Our basic concept of “death” is binary, so that one is either dead or not. But we often metaphorically extend the concept to a continuum. For example, people who have more strength, energy, passion, and awareness are said to be “more alive,” and those who have more power, prestige, influence, or wealth are also said to be “more” in many ways, including more central and alive. Since sleepers have less of all of these things, sleep is often seen as a partial death.
We have a related mythical concept of “ghost,” which is also sometimes made into a continuum of ghostliness. A ghost was once human, but then died, and now is an active agent with death-related features. So ghosts tend to be cold, sick, in low mood, and have a weak influence on the physical world. They are typically distracted, unaware of, and disinterested in humans. Ghosts are anti-social, avoid groups of more than a few humans, and don’t collect into ghost gangs or ghost cities. They are reluctant to move away from their old haunts. Ghosts are heard more than seen, rarely speak words, and are seen more in unusual viewing modes such as night, shadows, and mirrors.
Slow em retirees share many features with people we see as “less alive,” including ghosts. Not only are they literally closer subjectively to dying soon due to civilization instability, their minds are also more inflexible and stuck in their ways. Compared to faster working ems, slow retirees have less awareness, wealth, status, and influence, and they are slower to respond to events, including via speaking words or coordinating with others. Retirees may often watch and judge working ems, and in such roles may only be visible only in special views.
Thus ems may come to see slower ems as ghostly, and more ghostly when slower. Such em ghosts are real, and with trouble one can talk to them, but they aren’t very useful as allies, they get less moral weight, and one is usually free to ignore them. Since ems must pay for faster speeds, for ems being more alive is more directly related to having more money to spend.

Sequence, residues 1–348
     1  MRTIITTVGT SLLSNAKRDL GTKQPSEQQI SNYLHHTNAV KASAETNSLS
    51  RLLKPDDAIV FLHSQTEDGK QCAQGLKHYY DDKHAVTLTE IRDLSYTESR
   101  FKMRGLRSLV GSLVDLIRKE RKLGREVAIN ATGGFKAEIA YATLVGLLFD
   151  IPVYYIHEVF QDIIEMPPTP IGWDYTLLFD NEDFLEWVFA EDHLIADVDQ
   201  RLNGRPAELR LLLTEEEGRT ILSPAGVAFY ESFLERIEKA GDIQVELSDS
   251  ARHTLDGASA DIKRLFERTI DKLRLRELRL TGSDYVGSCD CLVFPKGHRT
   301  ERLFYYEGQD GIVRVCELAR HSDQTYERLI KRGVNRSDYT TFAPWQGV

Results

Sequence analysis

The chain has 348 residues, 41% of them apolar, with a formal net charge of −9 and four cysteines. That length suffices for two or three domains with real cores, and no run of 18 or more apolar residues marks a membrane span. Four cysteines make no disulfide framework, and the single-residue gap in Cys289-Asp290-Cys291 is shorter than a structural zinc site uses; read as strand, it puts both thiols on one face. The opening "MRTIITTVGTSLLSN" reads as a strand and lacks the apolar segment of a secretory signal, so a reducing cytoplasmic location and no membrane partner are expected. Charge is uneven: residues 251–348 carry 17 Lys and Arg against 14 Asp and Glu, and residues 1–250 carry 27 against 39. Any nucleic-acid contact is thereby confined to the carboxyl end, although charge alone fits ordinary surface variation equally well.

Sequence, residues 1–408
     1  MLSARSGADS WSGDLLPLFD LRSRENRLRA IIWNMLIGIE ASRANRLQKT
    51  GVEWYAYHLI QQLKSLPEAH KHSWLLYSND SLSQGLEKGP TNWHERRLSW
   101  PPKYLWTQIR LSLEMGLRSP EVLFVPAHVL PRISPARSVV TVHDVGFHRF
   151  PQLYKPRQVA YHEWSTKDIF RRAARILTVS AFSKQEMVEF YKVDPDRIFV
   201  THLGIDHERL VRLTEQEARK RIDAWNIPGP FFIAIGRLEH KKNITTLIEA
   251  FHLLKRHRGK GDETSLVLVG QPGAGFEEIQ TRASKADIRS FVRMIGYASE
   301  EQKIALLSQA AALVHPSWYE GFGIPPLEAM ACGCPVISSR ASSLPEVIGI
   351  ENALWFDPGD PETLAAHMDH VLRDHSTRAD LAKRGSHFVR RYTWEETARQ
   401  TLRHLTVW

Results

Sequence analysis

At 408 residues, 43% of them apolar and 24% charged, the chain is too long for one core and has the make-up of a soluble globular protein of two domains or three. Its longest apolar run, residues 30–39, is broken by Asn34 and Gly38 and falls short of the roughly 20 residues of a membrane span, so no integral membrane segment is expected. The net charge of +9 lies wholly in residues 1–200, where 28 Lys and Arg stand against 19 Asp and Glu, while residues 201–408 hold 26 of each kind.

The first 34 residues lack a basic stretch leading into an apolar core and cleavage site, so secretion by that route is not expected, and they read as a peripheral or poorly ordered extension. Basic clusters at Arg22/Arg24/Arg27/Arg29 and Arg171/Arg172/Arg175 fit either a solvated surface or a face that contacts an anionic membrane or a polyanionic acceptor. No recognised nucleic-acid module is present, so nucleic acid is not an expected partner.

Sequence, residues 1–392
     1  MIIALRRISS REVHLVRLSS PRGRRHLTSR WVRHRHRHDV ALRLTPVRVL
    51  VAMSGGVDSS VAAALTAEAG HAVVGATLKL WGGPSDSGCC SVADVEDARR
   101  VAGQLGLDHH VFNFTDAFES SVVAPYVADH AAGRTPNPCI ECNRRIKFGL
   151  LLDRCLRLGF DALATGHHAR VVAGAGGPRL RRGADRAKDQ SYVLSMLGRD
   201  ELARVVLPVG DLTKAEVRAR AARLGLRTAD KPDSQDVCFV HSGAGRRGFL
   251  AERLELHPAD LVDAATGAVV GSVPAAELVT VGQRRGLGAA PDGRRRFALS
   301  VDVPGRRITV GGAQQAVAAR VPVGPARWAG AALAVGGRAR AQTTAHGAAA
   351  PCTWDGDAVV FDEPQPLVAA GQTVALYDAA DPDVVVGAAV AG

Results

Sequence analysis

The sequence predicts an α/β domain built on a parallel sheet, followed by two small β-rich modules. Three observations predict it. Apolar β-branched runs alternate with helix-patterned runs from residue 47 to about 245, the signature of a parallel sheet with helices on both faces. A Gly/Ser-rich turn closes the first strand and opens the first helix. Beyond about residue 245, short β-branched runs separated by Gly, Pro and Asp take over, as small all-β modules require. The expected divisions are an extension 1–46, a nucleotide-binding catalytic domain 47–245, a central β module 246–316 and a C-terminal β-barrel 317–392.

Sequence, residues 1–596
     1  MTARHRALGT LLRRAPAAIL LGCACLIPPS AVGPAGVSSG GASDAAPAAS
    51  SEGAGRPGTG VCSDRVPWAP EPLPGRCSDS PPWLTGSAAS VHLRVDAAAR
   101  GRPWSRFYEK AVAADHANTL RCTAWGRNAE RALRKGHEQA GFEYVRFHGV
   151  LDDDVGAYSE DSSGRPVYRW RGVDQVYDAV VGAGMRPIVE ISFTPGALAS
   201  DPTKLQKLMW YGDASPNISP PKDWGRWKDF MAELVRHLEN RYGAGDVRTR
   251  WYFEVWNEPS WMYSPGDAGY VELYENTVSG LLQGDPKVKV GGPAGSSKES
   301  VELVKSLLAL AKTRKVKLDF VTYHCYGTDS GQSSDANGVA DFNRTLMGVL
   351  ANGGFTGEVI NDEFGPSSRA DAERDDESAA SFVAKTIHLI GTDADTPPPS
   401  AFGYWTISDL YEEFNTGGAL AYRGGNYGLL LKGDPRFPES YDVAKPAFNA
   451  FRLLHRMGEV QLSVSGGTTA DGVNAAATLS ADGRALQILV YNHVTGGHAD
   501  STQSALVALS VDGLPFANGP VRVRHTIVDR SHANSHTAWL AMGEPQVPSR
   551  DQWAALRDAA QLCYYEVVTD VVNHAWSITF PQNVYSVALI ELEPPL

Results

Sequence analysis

If “beneath” each em are many layers of a ghostly underworld, just how deep does this abyss go? Katja Grace at AI Impacts just helped me out by estimating the ratio of costs, using today’s technology, to store a brain state and to run a human-speed brain emulation. This ratio equals the “base” em speed as a fraction of human speed. This is near the lowest reasonable speed for ems, since well above it cost is proportional to speed, and well below it cost is independent of speed.
Apparently, plausible estimates of this base speed range from one hundredth of a trillionth of human speed up to one millionth of human speed, with a middle estimate of one tenth of a billionth of human speed. This ratio apparently hasn’t changed much over four decades, giving reason to hope it can help us estimate the future base speed. I’ve separately estimated typical em speed to be one thousand times human speed, and the maximum speed where speed is still proportional to cost to be a million times human speed.
Thus the range of speeds over which em speeds are about proportional to cost is at least a factor of a trillion, and may be a billion trillion. Thus for typical speed ems the underworld abyss of slower ghostly speeds is very deep! If your career and investments go badly, and you are forced to cut back and slow down, there is a very long hill to slide down before you finally reach bottom, where the only lower place to go is to be erased. Em inequality in speeds is immense.
I just added this stuff about ghostly ems to my book The Age of Em: Work, Love and Life When Robots Rule The Earth. And since I’m to turn in the final draft by Saturday, this will be the last thing I add. Publication date still not set; I’ll tell you when I know.